Laser Vision Correction
Laser Vision Correction is the most widely used type of refractive surgery for the treatment of myopia, hyperopia, and astigmatism. Vision correction is accomplished with minimally invasive procedures by reshaping the cornea to correct the patient’s individual refractive errors. Many patients achieve 20/20 vision or better after treatment. These procedures help patients reduce the need for eyeglasses and contact lenses, a costly and bothersome hassle that millions of people deal with everyday. The two most common surgical procedures used in laser vision correction are LASIK (Laser In-Situ Keratomileusis) and PRK (Photorefractive Keratectomy). Both of these procedures utilize the excimer laser which breaks chemical bonds in corneal tissue to change the shape of the cornea and correct refractive error. Dr. Greco uses the VISX™ STAR S4 Excimer Laser System with ActiveTrak™ to perform laser vision correction for his patients.
Wave-front technology is available to measure the refractive error of the eye 25 times more precisely than the refractive techniques use to prescribe eyeglasses or contacts lenses. Dr. Greco utilizes the Advanced CustomVue® Wavescan and Wavefront System to generate a WavePrint Map or “Finger-print” of the eye to formulate an individualized eye treatment plan for each of his laser vision correction patients. This wavefront data in then transferred to the VISX™ STAR S4 IR® Excimer Laser.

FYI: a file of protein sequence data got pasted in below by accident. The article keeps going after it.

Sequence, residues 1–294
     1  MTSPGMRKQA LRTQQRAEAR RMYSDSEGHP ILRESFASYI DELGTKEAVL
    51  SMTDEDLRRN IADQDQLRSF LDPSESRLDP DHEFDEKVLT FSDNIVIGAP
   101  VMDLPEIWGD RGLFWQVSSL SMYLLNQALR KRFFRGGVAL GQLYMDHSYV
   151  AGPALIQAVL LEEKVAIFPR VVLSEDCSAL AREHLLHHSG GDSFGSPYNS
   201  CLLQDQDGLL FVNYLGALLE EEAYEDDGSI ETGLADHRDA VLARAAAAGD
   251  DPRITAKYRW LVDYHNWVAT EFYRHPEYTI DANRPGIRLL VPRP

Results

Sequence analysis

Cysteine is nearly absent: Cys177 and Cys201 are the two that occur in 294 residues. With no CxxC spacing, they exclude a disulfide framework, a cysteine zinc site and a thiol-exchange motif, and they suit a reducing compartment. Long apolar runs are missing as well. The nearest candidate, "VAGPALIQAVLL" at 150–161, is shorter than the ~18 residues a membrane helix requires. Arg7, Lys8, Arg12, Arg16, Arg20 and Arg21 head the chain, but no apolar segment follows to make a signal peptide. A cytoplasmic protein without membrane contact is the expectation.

A laser or device called a keratome is used to create a thin flap of corneal tissue which is lifted exposing the underlying corneal bed. The excimer laser is used to reshape the cornea to achieve the desired correction. The flap is then carefully placed in its original position.
LASIK is considered a safe procedure, yet it is not ideal for everyone. A thorough medical evaluation of the patient’s eyes will be performed in order to determine if the LASIK procedure is appropriate, or if the patient would benefit from another type of refractive procedure.
Candidates eligible for the LASIK procedure include patients who meet the following requirements:
- Are over 21 years old
- Not pregnant or nursing
- In general good health
- Has had stable vision for at least six months
- Has a healthy cornea thick enough for a flap
- Has refractive errors that fall within the treatable range
- It is also important for patients to fully understand the details and risks of the procedure, and maintain realistic expectations as to the outcome of the procedure.
The surface cells of the cornea are removed with either an excimer laser, keratome, epithelial brush, or a metal blade. Then, the excimer laser used to reshape the cornea. A contact lens is placed on the eye for the next three to five days while the epithelium is growing back over the surface of the cornea. PRK is usually performed on patients whose cornea are too thin to undergo the LASIK procedure.